For all their shortcomings, Microsoft provides one of the most palatable soft sells for products with MVA. It is also providing one of the widest selections of technical subject matter training from any IT vendor. In combination with white papers and TechNet, Microsoft Virtual Academy provides a great starting point for learning and/or review of Microsoft offerings.
For getting the greatest return on your time, in course descriptions look out for phrases like “Jump Starts” and the appropriate difficulty level (i.e. 100,200,300).
Some of the key benefits without logging into microsoftvirtualacademy.com are viewing free courses or downloading free E-books (http://www.microsoftvirtualacademy.com/ebooks).
On the other hand, by associating a Microsoft account when logging into MVA, here are some key benefits;
1. User(s) can bookmark classes for later viewing by clicking on the ADD TO MY LEARNING PLAN radio button.
2. User(s) can track their progress and reprioritize.
3. Participants can print a completion certificate per course. I believe these make a nice fit for annual reviews.
4. Periodically get vouchers for new Microsoft exams when registering for Live Events.
Whether you are an IT profressional, hobbyist or just curious about technology, I would suggest exploring the various subjects categories available encompassing administration, development, and more. Learning, I believe works best by inspiration. MVA definitely starts one down a rabbit hole of possibility, leaving a person wanting to know more. It’s just a question of how far you go to get your answers.
To create a Microsoft Account go to https://signup.live.com/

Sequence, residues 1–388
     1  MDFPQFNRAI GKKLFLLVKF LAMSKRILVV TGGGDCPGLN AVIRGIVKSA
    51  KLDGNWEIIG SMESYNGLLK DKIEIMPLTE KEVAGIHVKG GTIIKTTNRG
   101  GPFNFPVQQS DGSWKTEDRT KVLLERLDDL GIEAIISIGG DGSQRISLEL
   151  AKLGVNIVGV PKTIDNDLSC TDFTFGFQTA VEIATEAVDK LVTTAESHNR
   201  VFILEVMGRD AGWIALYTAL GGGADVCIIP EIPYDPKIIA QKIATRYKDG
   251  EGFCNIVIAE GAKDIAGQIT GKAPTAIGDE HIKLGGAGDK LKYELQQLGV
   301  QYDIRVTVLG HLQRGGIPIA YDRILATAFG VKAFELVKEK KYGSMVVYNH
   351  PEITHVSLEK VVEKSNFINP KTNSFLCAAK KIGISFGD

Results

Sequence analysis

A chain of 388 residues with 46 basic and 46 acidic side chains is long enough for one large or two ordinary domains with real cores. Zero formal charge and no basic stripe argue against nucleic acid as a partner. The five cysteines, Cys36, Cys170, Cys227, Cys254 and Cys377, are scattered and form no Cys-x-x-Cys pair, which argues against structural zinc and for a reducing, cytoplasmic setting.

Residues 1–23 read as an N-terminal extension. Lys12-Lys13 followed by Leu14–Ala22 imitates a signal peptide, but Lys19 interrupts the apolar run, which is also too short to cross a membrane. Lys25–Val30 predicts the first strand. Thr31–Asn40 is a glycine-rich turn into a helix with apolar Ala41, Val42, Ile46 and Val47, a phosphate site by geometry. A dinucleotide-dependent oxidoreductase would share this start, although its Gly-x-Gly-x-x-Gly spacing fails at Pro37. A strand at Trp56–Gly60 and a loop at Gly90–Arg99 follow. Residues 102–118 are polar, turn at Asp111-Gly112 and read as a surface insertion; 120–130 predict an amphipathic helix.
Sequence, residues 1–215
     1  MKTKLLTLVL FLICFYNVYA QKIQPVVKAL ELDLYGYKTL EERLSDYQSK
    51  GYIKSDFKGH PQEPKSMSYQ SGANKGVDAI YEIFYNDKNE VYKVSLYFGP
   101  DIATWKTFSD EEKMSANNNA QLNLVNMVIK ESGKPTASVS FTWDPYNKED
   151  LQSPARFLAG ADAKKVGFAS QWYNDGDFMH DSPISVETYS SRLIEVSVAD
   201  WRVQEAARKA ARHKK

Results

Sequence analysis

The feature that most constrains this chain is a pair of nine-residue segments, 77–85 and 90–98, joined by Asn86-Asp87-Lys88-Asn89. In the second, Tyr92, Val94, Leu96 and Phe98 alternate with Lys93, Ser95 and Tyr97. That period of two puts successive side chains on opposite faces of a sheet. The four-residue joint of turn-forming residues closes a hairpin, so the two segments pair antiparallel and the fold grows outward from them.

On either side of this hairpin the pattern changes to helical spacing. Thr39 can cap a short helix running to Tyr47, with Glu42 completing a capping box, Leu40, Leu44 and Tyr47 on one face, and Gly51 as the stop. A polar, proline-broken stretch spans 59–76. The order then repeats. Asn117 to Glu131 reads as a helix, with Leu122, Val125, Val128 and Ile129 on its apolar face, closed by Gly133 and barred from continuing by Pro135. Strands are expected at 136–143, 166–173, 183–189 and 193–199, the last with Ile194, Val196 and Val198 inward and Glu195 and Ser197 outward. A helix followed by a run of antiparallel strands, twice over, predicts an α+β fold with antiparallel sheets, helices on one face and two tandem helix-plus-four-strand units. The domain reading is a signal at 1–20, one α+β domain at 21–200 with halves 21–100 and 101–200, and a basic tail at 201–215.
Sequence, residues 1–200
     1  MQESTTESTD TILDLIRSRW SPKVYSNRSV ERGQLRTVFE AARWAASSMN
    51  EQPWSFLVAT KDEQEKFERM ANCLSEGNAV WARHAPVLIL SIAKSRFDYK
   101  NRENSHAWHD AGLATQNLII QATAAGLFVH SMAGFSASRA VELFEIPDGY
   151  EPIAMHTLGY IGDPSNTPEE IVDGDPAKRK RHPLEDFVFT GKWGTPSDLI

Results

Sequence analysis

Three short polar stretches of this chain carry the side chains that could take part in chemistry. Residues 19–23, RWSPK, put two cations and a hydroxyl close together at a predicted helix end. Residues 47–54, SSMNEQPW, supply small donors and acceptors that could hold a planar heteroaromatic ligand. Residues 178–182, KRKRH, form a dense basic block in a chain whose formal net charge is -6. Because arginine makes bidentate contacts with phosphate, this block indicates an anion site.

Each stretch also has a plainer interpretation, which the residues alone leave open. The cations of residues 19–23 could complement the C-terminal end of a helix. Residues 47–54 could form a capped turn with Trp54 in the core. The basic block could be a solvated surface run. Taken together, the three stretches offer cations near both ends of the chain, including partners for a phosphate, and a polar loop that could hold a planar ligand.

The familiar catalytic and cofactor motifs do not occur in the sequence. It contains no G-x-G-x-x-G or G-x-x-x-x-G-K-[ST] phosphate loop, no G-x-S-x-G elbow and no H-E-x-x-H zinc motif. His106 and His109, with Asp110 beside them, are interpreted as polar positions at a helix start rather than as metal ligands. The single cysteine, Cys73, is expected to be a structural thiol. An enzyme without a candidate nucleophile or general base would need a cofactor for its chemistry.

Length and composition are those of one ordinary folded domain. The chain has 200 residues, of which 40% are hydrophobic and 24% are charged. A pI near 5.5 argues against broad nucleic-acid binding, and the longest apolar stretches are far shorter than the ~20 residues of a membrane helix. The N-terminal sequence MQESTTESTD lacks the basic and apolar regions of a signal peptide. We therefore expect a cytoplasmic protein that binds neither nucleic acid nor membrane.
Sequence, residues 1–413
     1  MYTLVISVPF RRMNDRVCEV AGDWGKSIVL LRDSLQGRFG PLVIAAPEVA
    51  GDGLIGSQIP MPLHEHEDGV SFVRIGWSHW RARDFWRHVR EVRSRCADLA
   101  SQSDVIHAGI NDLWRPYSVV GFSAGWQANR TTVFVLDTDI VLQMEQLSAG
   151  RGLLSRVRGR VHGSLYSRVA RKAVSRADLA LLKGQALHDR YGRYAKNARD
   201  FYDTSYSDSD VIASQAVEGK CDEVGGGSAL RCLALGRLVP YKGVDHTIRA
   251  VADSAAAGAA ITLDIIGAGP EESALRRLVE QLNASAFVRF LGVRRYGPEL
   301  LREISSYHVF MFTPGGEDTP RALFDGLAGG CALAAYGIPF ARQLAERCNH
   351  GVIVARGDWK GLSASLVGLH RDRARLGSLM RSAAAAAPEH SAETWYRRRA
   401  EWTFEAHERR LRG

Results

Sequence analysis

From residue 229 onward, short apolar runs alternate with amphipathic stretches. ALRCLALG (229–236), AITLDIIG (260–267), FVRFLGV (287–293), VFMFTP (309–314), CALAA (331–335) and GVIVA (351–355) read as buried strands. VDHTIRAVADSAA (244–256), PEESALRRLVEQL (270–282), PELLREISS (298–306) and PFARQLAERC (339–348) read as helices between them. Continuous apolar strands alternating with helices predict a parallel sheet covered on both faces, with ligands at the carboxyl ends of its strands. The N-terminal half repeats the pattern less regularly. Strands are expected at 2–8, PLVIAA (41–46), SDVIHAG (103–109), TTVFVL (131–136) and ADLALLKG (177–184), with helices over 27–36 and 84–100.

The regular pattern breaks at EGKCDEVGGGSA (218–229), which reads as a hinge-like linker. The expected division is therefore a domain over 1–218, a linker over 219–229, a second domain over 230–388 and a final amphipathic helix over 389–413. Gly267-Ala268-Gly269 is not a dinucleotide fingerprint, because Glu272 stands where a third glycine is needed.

To logon to MVA, visit www.microsoftacademy.com
So, using PowerShell for years now, last night while watching a course off microsoftvirtualacademy.com, I had come across a new tip. One that had made my heart flutter and awakening me from the edge of slumber. Anyone familiar with PowerShell had probably come across the ability to cycle through commands with TAB but, “How about cycling in reverse?”
Periodically, having to quickly TAB through GET- or SET- commands, usually had meant inadvertently skipping over the right entry. Then, you were left partially annoyed having to interrupt the search with CNTRL + C
The remedy for this quandary for going back in time through PowerShell commands was simply utilizing SHIFT + TAB
That, I had found worth repeating few times.
SHIFT + TAB
SHIFT + TAB
SHIFT + TAB
Recently, I had attended Microsoft’s Inaugural Ignite tech conference @ Chicago, Illinois. One of the best parts of the experience was hearing first hand product changes from developers. Outside some of the branding of Outlook into Office 2016 for the Mac, Microsoft had mapped out their commitment to stability, enhancements, and regular updates. Those updates were getting specifically released every month or two from this point forward. Another noteworthy improvement was handling of attachments. Attachments were reintegrated into the client for saving directly into Office 365 or SharePoint with the same familiar icon. As an Exchange administrator, I had wondered, “How much email quota space an employee is going to save?” Probably quite a bit!